The Ninth Circuit calls Proposition 8 'unconstitutional'


Will the voice of the people ever be heard?
by Jennifer Monk
The 9th U.S. Circuit Court of Appeals decided that the people of California had no right to pass an initiative that limits marriage to one man and one woman.

"By using their initiative power to target a minority group and withdraw a right that it possessed, without a legitimate reason for doing so, the people of California violated the Equal Protection Clause," the Feb. 7 ruling read.

Twice the voters of California have voted to preserve marriage between men and women, and twice they have been challenged in the courts. The struggle to defend traditional marriage has endured for more than a decade:

2000 — If you remember way back in 2000, 61 percent of California voters passed Proposition 22, which defined marriage as between one man and one woman.

February 2004 — Gavin Newsom, the then-mayor of San Francisco, ordered his staff to begin performing so-called same-sex marriages, even though the law clearly prohibited them from doing so. After three weeks, the California Supreme Court issued an injunction enjoining the illegal marriages.

May 2008 — After numerous lawsuits filed in 2004 challenging Proposition 22 and four long years of litigation, the California Supreme Court declared that Proposition 22 violated the Equal Protection Clause of the California State Constitution.

November 2008 — Just a few months later, Proposition 8 was placed on the California ballot, once more asking voters to define marriage as between one man and one woman; it passed with 52 percent of the vote. Since that time, different parties have tried to strip the California voters of their power by overturning the measure. Hoping to avoid a judicial repeat of Proposition 22, the new measure changed the state constitution by way of an amendment.

February 2012 — The 9th U.S. Circuit Court of Appeals panel ruled that Proposition 8, a voter-backed initiative, violates the Constitution.

Defending voters
The issue of the constitutionality of Proposition 8 is certainly the crux of this case. However, there is also another important question at play here: who has a right to defend Proposition 8?

The question of who has a right to defend Proposition 8 has been at the center of the litigation since the governor, attorney general or any other named defendants refused to defend the initiative adopted by a majority vote of the people of California. 

After the official campaign proponents were granted the right to intervene in the district court, questions were raised as to whether they would have sufficient standing to appeal the case and ultimately take it to the U.S. Supreme Court.

Amid those concerns, Advocates for Faith & Freedom filed a petition to intervene on behalf of the county of Imperial and in defense of the law in order to provide a governmental defendant willing to ensure that the higher courts decide the case. When the district court overturned Proposition 8, it also denied intervention, or standing, to the county. Along with the official proponents, the county and its deputy clerk appealed the decision to the 9th Circuit.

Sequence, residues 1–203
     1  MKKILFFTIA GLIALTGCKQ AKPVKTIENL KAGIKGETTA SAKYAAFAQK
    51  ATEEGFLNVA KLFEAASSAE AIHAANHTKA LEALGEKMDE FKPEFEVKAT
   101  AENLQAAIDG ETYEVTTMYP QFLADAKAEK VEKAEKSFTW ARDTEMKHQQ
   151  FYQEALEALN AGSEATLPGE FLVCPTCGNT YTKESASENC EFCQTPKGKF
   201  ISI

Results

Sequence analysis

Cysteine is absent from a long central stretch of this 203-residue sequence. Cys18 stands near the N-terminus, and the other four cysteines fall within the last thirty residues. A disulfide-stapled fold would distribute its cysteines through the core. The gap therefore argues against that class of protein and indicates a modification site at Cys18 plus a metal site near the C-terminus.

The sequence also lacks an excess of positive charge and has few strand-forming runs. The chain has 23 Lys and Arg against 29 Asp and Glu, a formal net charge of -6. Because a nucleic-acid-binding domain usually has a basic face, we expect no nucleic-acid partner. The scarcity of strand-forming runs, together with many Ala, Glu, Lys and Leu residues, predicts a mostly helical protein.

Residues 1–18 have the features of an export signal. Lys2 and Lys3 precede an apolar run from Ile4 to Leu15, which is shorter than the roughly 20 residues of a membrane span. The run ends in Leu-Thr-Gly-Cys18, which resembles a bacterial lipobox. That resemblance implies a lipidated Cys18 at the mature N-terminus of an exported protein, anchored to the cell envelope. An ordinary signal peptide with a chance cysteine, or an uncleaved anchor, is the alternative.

On Jan. 4, 2011, the 9th Circuit denied intervention to the county of Imperial and one of its deputy county clerks for insufficient standing. However, the court left open the question of whether an elected county clerk, rather than just a deputy county clerk, would have sufficient standing. Meanwhile, Chuck Storey, who was elected as the Imperial County Clerk in November 2010, filed a petition to intervene in February 2011 saying his job would directly be affected by the overturning of Proposition 8. He also wanted to ensure that the people's vote was defended.

That brings us to the current time. The 9th Circuit issued its final ruling Feb. 8 declaring Proposition 8 unconstitutional, while at the same time determining that the official proponents of Proposition 8 have sufficient standing to defend the law, but denying County Clerk Chuck Storey the right to intervene.

What's next?
Ultimately, the official proponents of Proposition 8, along with County Clerk Chuck Storey, will seek review from the U.S. Supreme Court. 

"I took an oath of office to uphold the California Constitution, and Proposition 8 is part of the Constitution," Storey said.

We at Advocates contend that not only was the 9th Circuit in error for denying intervention to Clerk Storey, the decision to overturn Proposition 8 was also contrary to long-held constitutional principles.  This case is not only important for influencing nationwide law regarding marriage, but it is also important for the people of California to have their vote respected.

Monk is associate general counsel at Murietta-based Advocates for Faith and Freedom. For more information, visit

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Published, March 2012